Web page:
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Handle Food Safely
Wash tops of cans before opening. Wash cutting boards and food preparation surfaces with soap and hot water after contact with raw meats and seafood. Prepare and chill hazardous foods quickly and store properly. These include: Meat salads, potato & macaroni salads; Cream filled pastries; and Other prepared foods containing milk, meat, poultry, fish, and/or eggs. Avoid eating raw sprouts. Use only pasteurized fruit juices and dairy products. Do not prepare foods more than two hours ahead without plans for proper cooling and reheating. Keep hot foods at or above 140°F. Keep cold foods at under 40°F. Cover foods being transported. Never reuse a tasting spoon without washing it first. Never place cooked food on a plate that previously held raw meats. Provide serving spoons for serving bowls. Refrigerate leftovers in shallow containers within two hours of preparation.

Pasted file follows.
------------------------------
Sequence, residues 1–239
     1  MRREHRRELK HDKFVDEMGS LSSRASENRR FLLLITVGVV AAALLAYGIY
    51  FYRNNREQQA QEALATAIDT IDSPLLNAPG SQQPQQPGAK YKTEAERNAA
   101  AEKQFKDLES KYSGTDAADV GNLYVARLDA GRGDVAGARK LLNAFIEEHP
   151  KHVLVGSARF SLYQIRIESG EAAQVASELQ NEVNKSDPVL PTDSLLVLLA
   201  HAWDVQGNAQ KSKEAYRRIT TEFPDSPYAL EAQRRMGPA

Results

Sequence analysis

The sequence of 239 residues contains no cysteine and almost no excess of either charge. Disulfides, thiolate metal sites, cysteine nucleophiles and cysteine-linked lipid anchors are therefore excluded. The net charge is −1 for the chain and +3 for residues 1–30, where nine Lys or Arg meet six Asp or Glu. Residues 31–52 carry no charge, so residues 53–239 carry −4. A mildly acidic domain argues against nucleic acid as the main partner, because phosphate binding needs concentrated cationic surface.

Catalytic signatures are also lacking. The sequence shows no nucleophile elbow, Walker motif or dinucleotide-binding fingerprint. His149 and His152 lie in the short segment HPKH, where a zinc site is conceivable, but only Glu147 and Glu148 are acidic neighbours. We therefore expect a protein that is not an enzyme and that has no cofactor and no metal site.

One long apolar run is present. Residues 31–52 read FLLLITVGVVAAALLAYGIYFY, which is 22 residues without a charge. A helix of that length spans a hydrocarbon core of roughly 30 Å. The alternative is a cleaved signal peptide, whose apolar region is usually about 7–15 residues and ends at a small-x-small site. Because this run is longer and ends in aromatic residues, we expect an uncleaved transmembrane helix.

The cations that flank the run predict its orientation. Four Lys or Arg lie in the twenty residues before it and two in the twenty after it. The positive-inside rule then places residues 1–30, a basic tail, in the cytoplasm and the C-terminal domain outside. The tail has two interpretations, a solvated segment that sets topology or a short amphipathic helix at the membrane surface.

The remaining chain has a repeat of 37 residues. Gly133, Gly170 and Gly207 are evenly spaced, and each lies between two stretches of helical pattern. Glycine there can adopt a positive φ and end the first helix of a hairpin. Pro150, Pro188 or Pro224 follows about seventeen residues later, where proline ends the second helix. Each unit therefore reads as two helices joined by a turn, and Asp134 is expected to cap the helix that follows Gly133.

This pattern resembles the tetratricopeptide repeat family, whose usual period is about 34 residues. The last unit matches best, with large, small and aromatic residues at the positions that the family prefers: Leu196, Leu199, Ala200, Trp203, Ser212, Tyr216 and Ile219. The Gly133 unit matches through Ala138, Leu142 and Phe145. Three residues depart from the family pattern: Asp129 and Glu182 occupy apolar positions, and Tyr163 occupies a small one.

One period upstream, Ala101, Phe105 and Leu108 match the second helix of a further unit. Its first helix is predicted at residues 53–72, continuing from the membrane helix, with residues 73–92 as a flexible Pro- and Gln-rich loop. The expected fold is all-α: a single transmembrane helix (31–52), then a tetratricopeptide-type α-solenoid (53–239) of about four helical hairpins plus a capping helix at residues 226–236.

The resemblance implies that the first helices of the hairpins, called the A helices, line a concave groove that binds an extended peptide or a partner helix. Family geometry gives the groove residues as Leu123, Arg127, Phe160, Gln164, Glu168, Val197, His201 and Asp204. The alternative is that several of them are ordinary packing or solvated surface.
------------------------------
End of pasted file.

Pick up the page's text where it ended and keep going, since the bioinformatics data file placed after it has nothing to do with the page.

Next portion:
Keep home-packed lunches in the refrigerator until lunch time. Use a thermometer to make sure your refrigerator temperature is between 35°F and 40°F. Use disposable latex gloves when your hands have open cuts or sores. Contact your regulating agency for specific rules regarding food preparation and safety to be sure you are in compliance. Source: Herringshaw, D.I, Longo, M.F. and Zies, S., Healthy Kids: Germ Free. Ohio State University Extension, 1997.
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Steps to Success Literacy, Fitness and Food Activities for Young Children Wash Your Hands! Wash your hands properly and frequently. Be a good role model and help children learn the proper way to wash their hands too.
soap and warm running water jewelry Adapted from: Herringshaw, D.I, Longo, M.F. and Zies, S., Healthy Kids: Germ Free. Ohio State University Extension, 1997.